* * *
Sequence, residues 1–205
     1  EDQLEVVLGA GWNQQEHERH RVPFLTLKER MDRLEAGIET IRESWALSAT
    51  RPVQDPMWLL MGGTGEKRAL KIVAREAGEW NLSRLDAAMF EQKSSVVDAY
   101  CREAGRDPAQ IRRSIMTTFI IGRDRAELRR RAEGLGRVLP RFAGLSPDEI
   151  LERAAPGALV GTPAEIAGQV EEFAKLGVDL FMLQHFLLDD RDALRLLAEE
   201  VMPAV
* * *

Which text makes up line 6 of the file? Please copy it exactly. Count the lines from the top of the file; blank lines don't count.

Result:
   201  VMPAV